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Kern County Chief Administrative Officer Ryan Alsop spoke at a news conference about COVID-19 March 30 at the Kern County Public Health Services building.

As Kern County prepares to endure yet another period of intense coronavirus restrictions, County Administrative Officer Ryan Alsop did not mince words during a news conference on updates to the county’s pandemic response.

“We’re all tired, we’re all over having to deal with this hell of a mess that we’re in,” he said during Thursday's press conference. “We are, in short, socially, emotionally and financially overwhelmed, spent.”

He went on about the frustrations some small business owners have expressed at being “whipsawed” by changing government regulations.

“This frustration that you feel is real and we understand it,” he said. “You have every right to feel the way that you do. And those of you who are at your end, you have every right to voice your dissatisfaction with the way things are being handled.”

Still, county businesses and places of worship have little choice but to comply with Gov. Gavin Newsom’s COVID-19 “emergency brake,” which pushes more than 94 percent of the state’s population into the most severe “purple tier” of the state’s Blueprint for a Safer Economy, the framework by which businesses and social gatherings are allowed to take place.

Counties in the purple tier are not allowed to have indoor dining in restaurants and churches and gyms must hold activities outdoors. Retail establishments must revert to 25 percent capacity. Previously they had been allowed to hold 50 percent. However, in a rule change, personal care services like hair and nail salons are allowed to continue operating.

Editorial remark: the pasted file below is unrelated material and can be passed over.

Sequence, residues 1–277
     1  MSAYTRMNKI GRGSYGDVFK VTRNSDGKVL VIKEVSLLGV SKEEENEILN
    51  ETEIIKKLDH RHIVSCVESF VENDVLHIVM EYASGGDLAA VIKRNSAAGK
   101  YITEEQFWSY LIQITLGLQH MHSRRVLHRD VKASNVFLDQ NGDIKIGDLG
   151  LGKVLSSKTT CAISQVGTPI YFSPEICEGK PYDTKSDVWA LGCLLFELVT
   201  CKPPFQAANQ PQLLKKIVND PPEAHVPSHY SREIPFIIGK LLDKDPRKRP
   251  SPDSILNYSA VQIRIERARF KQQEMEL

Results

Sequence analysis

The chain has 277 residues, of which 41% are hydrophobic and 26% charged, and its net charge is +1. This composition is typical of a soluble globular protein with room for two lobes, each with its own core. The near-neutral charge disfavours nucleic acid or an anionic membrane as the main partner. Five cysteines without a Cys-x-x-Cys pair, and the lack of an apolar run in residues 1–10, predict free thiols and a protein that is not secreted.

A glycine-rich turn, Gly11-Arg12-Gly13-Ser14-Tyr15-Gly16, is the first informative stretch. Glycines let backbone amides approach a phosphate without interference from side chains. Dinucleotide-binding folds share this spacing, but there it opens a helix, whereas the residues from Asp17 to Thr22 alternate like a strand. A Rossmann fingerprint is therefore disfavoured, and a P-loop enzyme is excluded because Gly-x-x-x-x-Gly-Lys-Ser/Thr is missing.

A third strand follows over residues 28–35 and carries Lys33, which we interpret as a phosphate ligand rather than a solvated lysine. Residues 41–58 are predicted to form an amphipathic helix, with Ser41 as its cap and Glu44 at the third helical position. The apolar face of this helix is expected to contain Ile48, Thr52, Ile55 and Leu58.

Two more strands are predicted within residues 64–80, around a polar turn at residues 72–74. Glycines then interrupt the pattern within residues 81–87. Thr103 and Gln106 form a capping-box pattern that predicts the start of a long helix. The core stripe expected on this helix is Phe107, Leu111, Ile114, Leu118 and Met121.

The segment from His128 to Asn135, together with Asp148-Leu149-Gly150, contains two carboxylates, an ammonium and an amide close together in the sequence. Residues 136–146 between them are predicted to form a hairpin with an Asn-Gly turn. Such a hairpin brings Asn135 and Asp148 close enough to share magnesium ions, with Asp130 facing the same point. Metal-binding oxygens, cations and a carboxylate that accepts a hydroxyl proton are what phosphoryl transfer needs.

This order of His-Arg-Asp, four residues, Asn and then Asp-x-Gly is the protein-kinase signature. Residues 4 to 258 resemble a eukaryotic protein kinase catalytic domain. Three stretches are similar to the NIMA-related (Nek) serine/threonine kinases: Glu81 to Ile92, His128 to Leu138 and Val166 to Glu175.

The return to purple is accompanied by a stark increase in COVID-19 cases reported each day. Statewide, cases are increasing at the same rate as they did during the July peak, said Kern County Public Health Services Lead Epidemiologist Kim Hernandez. That differs from the national picture, where cases are increasing at twice the rate as July.

“That creates a lot of concerns here in California that this surge in cases that we are seeing now will continue to get worse,” she added.

How high the peak could be and how long it could last is an open question. Making matters worse, public health officials are concerned that the colder winter months, and the gatherings that occur on Thanksgiving and Christmas, could quicken the spread of the virus.

Even with the increase in cases, Kern County’s hospital capacity remains substantial. Considered a vital component to the county’s ability to treat those with severe health complications from COVID-19, hundreds of beds are currently sitting empty.

On Thursday, Public Health Director Matt Constantine reported Kern had 863 available beds, with 58 beds in intensive care units.

“That is a significant amount. It is higher than it’s been in months,” he said. “We have noticed a small decline in the last several weeks, but the hospitals remain available.”

He noted hospitalizations tended to trail three weeks behind surges in coronavirus, with about 10 percent of COVID-19 cases requiring hospitalizations and 3 percent needing intensive care.

The county has prepared for surges in coronavirus patients. The Board of Supervisors has designated $12 million in Coronavirus Aid, Relief and Economic Security (CARES) Act funding for traveling nurses to staff local hospitals.

So far around $1.4 million has been spent, leaving the vast majority available should it be needed.

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